Our Other Friends: Humans and Animals

Today’s post is about the relationship between humans and animals. It is easy as Homo sapiens to get so caught up in our heads, our lives, our bills, our concerns that we neglect to see the other mass of living beings coexisting with us: animals. The bond between humans and animals has existed as long as humans of even primitive type have lived. Originally sources of food or transportation or tools for farming, animals now have a more complex relationship to humans in the modern, developed world. What can we learn from animals? What makes our love for them so strong? Here are a few thoughts:

-Animals move in an entirely different rhythm from us. We can be so hurried in our daily lives or so used to the pace of human movement that it is interesting to see how a different living species moves. Cats move at a slower, more graceful pace, no movement is wasted, and everything is done with efficiency and agility. As much as we have created the ability to do so in a tin can, we cannot ourselves fly. Watching a bird take flight is always awe-inspiring, for the motion of flapping wings is like nothing we can do. Watching fish swim is very soothing–a friend recently recounted the story of her daughter taking several fish tanks with her to college, and how it drew other friends to her dorm room to watch. Anyone who has gone whale watching cannot help but be amazed when s/he sees the massive creature rise out of the water or spout water out of its blowhole.

-Animals communicate in an entirely different way. Many do indeed have their own language. Anyone who has lived with a cat knows that there are different meows for “feed me,” “pet me,” “I don’t like that stranger,” and even different purrs. Birds have their calls in the morning and evening, for alarm, and for mating. Even many animals that are normally silent will have a sound for distress. And with silent animals, or communicative animals that are not making noise, we can observe their thoughts and feelings through their body language, communicated in a non-verbal way. The snake that is about to strike, the impatient horse, the stubborn camel–all of them are making themselves known.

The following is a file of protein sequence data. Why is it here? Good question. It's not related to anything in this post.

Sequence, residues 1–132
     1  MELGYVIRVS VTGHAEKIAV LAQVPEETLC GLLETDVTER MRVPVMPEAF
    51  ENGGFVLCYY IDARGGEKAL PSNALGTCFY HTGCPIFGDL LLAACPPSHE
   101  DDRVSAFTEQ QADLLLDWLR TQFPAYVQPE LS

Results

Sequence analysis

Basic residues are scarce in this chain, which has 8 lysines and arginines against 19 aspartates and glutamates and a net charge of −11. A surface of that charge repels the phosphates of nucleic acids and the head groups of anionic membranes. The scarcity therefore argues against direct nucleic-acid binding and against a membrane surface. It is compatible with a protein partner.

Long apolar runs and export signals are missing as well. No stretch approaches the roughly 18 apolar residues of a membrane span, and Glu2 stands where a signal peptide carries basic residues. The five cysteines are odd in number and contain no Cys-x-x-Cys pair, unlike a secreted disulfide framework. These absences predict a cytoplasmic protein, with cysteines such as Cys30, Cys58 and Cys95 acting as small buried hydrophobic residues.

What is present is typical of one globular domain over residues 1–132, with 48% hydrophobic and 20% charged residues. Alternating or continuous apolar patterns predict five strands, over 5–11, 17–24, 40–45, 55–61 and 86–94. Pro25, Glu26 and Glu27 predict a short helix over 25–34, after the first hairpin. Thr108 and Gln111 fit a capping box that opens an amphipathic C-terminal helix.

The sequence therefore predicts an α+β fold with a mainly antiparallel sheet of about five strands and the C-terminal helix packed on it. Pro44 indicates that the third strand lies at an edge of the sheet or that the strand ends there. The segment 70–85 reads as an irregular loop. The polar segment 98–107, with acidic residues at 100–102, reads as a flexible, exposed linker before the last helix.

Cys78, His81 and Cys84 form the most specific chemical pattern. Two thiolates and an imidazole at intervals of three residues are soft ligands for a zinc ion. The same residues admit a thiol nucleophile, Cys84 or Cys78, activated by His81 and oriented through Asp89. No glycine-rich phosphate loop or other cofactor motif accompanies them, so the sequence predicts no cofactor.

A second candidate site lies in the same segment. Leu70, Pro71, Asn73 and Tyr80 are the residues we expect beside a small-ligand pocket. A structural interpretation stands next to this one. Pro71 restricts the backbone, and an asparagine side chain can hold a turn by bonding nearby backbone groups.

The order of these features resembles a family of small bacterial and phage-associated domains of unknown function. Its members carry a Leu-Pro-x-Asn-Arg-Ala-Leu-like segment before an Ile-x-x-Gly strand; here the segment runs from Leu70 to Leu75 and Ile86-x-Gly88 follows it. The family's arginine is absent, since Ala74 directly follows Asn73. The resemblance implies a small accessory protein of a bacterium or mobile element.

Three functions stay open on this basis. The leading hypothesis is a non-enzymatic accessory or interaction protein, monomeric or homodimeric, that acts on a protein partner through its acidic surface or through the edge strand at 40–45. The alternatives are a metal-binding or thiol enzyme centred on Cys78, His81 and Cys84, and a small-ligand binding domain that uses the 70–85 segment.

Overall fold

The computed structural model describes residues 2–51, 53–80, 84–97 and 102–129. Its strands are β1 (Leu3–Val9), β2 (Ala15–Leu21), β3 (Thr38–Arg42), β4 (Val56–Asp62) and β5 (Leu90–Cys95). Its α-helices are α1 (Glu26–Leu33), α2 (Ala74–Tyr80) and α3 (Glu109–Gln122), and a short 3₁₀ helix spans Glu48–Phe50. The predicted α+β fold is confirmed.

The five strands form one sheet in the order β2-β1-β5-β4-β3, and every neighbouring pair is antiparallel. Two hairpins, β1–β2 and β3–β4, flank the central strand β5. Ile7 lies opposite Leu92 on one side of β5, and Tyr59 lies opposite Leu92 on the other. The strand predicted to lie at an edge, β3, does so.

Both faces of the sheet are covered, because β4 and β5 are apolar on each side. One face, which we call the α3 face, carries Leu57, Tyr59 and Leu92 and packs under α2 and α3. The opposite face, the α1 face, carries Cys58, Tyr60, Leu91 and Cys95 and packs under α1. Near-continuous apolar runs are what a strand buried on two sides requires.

-The cycle of life is more evident through animals. We marvel at the adorable baby bunnies born in spring. We feel sad to see an injured rodent. A furry animal sheds its coat during hot weather to stay cooler, and grows a thicker one to keep warm in winter. A dead animal on the road becomes food for a hawk or vulture to survive. In other words, birth, life, and death, as well as going with the seasons, are natural to animals other than the Homo sapiens. It can also be entertaining to view how different animals interact with each other based on their hierarchy. The laser-sharp focus of a border collie rounding up sheep is quite entertaining, for the dog has such an inborn, innate sense of duty to hurt the animals — or even small children when present en masse!

-Children have a natural affinity for animals. Animals have long been used to teach children about life and morals and character. Just think of all the classic children’s books about animal themes or with animal lead characters: the Frances books, Winnie the Pooh (that Zen master of wisdom!), Black Beauty, even Alice in Wonderland with the White Rabbit that leads her astray. Because children still have active imaginations, they are able to appreciate animal stories and movies more than their overly rationalistic adult counterparts. Perhaps the bond is a certain tenderness and vulnerability that both children and animals share.

-Animals operate on instinct. This relates to the point above about the cycle of life. They listen to their intuition and inner knowledge about how to protect themselves, or how to attack. They know when to hibernate for winter, how much to feed their babies, and even when they are going to die. For majority of human beings in the developed world, intuition is discounted or even discarded. But our bodies are wise, and we would do well to tune into them more often.

Perhaps there are many things we can learn from animals to be less arrogant as a species. Although a certain degree of arrogance is necessary to roll over and go back to sleep when the cat wants to wake you up at 6 AM and crawls around your head.

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